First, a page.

After the morning rush comes cleanup of the aftermath. I see my cold, full cup of coffee sitting lonely on the countertop. I had hoped to relax and sip a warm drink in peace, but I had a to-do list to take care of now. If this sounds familiar, you, too, might be a busy mom. Time for yourself sometimes slips away.
The daily routines sometimes leave me feeling like I’m going through the motions. During those times, it’s easy to feel overwhelmed by the addition of temper tantrums, deadlines and chores. These are common feelings, but many of us forget that we’re not alone. Almost every mom I know has told me to “take care of yourself before taking care of others.” I’ve said that many times too. Why is it so hard for me to take my own advice? Why is self-care so much easier said than done?
Motherhood brings with it a shift in hormones, responsibility, lifestyle, etc. It can take time to get back to pre-baby activity levels, and everyone goes at their own pace. Self-care is not something everyone is good at. It is an art. According to the Oxford Dictionary, art is “a skill at doing a specified thing, typically one acquired through practice. ” So the good news is that with practice, we can all get better at self-care. There are basics like good sleep, exercise and nutrition, and when you’re feeling spread too thin, it’s important to learn to say “no.” Socializing seems to revitalize me. However, I turn down many opportunities to do so because I’m too busy [insert excuse] again. It’s easy for me to say “no.” I’m one who needs to say “yes.”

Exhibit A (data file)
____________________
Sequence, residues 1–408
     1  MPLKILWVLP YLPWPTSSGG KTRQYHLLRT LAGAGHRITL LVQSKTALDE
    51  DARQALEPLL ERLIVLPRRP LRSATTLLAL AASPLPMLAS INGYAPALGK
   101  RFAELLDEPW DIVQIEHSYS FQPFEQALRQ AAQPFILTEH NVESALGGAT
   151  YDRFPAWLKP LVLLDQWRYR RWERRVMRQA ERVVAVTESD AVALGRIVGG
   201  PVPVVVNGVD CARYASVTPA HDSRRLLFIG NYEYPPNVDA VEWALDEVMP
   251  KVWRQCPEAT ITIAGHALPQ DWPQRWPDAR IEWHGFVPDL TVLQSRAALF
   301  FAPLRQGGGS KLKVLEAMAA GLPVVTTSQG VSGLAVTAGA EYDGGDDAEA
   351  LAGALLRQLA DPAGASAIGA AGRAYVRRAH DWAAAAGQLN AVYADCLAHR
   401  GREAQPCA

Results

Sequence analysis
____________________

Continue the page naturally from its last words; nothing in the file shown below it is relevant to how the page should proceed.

As my last child left the baby stages, I realized that I was caring for everyone else but myself. Self-care was an unnecessary chore, and that took a toll on me. Feeling depleted helped me see that I needed to build myself back up. After tackling the basics, I came up with some reminders that helped me practice more self-care:
My husband asked me why I looked so stressed out while doing dishes. I said, “I hate dishes, just trying to get it over with.” As he put some dishes away, he told me that he set the bird feeders outside the kitchen window, because it would be something nice to look at while at the kitchen sink. I stopped to look out the window and realized that I’ve never actually noticed that. Now more often than not, I watch the birds while I do the dishes!
Give yourself grace.
I never knew fully what grace meant until I started to seek it. I realized and accepted that I was already a good mom. Sometimes we fill ourselves with unrealistic expectations. Instead, fill yourself with truth and be kind to yourself.
This is a great chance to connect with others. It lifts our spirits to be contributing, productive members of the group. It’s contagious, so involving kids as much as possible is great.
A perfect house does not equal happy kids.
New moms are told that housework can wait. This doesn’t just apply to the newborn period, it applies whenever we need it. Being too preoccupied with menial tasks takes away time to re-energize and spend time with those we love.
Ask for help.
Let others know what you need; motherhood is not something we can do alone. Whether seeking help from family, friends or professionals, it’s important to get your needs met and your feelings validated.
Being wonderful caretakers and multitaskers takes it out of us. As moms, we want to give our kids the best. But when we’re not at our best, what are we giving them? An exhausted, uninspired body is not likely to be a vessel of motivation and creativity. We all have our days but remember that the art of self-care is within reach.